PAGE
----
President Barack Obama edges out GOP opponent Mitt Romney 47 percent to 45 percent in a new Nevada poll that shows Romney's running mate, Paul Ryan, evenly splitting voters in the battleground state, too.
Nevada voters are sharply divided on whether Ryan helps or hurts the GOP ticket and on whether they support or oppose the conservative Wisconsin congressman's plan to reform Medicare for future retirees, according to the survey commissioned by the Las Vegas Review-Journal and KLAS-TV 8 NewsNow.
About 42 percent of likely Nevada voters polled said Romney's selection of Ryan as his vice presidential pick doesn't influence their presidential choice.
But 28 percent said they're more likely to vote for Romney with Ryan on the ticket, while 29 percent said they're more likely to vote now for Obama, who is campaigning in North Las Vegas today and was in Reno on Tuesday.
"Ryan attracts to the Romney ticket as many voters as he repels," said pollster Jay H. Leve of SurveyUSA, which conducted the survey. "I consider him a net wash. You can't really point to anything in the poll that shows he's helping Romney, and you can't really point to anything that shows he's hurting Romney."
Still, the Ryan pick, announced Aug. 11, excited Nevada Republicans, with 48 percent saying they're more likely to vote for Romney, who had trouble consolidating conservatives during the primary season. Conversely, 48 percent of Democrats said they're more likely to back Obama's re-election with Ryan on the GOP ticket.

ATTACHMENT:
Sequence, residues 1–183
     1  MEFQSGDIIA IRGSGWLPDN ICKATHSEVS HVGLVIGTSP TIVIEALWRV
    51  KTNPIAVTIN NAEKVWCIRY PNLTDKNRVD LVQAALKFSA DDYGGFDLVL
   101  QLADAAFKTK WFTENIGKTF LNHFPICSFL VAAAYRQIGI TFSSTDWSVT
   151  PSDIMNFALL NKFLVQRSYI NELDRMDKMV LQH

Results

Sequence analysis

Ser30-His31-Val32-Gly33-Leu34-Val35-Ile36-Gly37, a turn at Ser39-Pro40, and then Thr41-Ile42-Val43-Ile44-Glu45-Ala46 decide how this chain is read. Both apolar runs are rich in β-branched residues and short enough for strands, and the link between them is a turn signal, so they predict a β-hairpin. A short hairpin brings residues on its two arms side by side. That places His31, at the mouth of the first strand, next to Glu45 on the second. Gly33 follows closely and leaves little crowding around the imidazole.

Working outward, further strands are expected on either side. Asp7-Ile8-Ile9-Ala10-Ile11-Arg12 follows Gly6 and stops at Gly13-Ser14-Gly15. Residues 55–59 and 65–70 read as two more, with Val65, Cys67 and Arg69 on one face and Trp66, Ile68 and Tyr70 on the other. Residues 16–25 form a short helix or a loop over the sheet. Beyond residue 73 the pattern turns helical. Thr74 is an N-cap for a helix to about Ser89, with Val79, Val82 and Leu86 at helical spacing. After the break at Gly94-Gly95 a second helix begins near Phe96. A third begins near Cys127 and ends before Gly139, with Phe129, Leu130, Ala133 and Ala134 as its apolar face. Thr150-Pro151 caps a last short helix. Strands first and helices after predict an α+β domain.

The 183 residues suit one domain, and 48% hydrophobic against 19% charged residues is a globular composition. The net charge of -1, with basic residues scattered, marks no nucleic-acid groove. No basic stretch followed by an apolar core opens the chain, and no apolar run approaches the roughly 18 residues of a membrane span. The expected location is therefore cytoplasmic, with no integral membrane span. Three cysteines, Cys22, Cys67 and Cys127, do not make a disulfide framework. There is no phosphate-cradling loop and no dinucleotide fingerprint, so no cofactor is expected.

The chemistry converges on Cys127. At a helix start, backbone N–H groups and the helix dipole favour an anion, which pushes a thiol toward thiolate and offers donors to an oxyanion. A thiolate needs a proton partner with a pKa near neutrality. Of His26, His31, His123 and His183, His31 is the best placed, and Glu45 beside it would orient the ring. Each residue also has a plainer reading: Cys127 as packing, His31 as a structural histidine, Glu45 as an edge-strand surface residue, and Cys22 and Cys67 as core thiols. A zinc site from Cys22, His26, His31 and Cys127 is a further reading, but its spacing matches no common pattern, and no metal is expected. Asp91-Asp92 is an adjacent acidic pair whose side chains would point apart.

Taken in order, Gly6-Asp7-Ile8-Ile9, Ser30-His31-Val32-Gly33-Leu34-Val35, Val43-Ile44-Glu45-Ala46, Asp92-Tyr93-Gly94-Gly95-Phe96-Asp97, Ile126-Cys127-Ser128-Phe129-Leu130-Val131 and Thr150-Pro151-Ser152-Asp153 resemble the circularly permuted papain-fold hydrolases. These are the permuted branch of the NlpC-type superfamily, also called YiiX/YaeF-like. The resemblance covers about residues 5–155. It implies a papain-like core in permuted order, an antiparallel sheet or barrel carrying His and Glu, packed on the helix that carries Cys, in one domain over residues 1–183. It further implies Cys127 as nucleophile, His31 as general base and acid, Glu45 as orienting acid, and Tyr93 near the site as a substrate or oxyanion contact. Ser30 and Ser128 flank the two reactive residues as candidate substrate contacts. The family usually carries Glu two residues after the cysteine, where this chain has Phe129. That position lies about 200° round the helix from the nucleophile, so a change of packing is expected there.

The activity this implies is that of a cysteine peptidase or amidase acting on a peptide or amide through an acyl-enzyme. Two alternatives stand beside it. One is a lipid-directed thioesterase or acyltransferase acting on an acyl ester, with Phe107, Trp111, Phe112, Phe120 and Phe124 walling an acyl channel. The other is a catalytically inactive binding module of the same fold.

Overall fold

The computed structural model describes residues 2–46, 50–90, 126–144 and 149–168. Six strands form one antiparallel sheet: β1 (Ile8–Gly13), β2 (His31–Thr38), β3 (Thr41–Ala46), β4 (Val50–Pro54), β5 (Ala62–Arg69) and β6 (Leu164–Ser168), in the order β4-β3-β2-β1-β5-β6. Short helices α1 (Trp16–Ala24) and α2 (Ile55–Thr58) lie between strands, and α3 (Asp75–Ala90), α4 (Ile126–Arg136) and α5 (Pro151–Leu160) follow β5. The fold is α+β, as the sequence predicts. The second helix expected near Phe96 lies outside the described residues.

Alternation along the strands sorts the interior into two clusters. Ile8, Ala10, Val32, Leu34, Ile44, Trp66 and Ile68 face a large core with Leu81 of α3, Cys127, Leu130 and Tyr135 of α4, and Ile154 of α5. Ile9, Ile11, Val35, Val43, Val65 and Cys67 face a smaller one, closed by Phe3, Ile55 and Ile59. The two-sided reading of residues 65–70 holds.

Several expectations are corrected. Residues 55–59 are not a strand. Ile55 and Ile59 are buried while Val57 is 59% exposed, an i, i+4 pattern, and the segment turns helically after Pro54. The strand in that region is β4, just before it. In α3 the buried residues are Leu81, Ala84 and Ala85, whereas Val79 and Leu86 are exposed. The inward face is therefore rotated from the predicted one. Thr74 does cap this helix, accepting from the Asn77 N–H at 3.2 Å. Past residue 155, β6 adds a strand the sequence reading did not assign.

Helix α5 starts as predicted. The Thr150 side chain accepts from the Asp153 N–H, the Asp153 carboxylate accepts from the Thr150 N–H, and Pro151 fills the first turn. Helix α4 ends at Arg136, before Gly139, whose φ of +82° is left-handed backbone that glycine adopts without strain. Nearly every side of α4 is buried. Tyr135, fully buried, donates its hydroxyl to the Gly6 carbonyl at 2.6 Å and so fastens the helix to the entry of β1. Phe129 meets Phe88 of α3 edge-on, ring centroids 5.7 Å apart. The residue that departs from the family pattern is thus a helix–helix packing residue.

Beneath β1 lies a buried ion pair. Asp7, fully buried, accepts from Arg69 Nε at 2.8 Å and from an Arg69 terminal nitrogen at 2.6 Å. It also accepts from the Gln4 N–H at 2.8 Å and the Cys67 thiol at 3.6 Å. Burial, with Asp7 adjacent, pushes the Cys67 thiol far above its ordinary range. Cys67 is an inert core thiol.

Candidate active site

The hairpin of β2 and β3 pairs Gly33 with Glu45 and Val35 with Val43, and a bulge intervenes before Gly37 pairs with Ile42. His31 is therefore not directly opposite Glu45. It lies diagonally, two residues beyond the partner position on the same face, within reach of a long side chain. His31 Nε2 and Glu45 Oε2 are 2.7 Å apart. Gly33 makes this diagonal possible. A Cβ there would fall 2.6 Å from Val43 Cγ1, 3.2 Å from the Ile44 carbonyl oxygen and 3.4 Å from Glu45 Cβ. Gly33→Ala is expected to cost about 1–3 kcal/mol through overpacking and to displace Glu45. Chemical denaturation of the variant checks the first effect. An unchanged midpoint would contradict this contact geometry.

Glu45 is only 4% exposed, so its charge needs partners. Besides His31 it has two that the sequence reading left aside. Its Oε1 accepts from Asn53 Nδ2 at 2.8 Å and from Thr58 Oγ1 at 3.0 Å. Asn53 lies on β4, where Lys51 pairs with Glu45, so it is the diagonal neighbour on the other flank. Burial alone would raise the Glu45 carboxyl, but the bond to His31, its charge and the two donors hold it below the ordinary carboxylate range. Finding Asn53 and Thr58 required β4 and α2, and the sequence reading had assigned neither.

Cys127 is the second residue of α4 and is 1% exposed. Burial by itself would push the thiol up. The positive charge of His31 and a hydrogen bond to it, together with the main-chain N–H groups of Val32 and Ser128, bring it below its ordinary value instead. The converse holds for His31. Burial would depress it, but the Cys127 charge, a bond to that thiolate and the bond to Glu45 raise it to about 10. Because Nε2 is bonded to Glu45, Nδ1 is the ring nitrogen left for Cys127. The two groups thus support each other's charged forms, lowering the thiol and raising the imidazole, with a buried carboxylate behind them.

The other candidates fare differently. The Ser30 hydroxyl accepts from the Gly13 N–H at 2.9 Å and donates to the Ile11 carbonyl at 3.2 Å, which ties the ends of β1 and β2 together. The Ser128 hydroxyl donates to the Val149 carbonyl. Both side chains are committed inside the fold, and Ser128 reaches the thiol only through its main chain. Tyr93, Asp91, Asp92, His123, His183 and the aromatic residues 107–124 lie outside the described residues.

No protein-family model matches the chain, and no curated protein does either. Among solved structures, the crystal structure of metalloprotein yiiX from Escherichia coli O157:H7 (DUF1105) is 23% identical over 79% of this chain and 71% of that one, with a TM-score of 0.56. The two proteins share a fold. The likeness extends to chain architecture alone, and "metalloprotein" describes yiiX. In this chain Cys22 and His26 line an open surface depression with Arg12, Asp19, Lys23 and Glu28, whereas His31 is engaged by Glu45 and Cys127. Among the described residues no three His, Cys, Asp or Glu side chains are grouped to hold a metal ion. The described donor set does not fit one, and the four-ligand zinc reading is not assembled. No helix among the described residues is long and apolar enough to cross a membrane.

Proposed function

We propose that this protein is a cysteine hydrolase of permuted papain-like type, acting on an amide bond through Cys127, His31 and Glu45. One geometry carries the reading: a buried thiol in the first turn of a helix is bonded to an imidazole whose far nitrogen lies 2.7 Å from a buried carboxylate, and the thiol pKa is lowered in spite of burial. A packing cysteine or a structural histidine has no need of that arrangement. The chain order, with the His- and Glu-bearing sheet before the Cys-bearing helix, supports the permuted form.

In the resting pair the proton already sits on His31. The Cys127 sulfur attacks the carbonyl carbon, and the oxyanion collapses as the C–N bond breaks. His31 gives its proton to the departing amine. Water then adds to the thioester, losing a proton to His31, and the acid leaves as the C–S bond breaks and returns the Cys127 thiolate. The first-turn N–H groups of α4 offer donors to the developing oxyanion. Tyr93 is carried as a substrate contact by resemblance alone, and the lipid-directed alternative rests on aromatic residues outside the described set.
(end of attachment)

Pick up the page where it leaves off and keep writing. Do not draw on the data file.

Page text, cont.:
Independents narrowly favored the Ryan selection, with 32 percent saying they're more likely to vote for Romney with him on the GOP ticket and 25 percent saying they're more likely to pick Obama. Overall, Romney is leading Obama among independent voters statewide, 44 percent to 39 percent.
On the Medicare question, 70 percent of those surveyed said they're "familiar with Paul Ryan's thinking on Medicare," which was not described in the poll question. Asked whether they backed Ryan's Medicare plan, 48 percent said they supported his ideas, 47 percent said they were opposed and the rest weren't sure.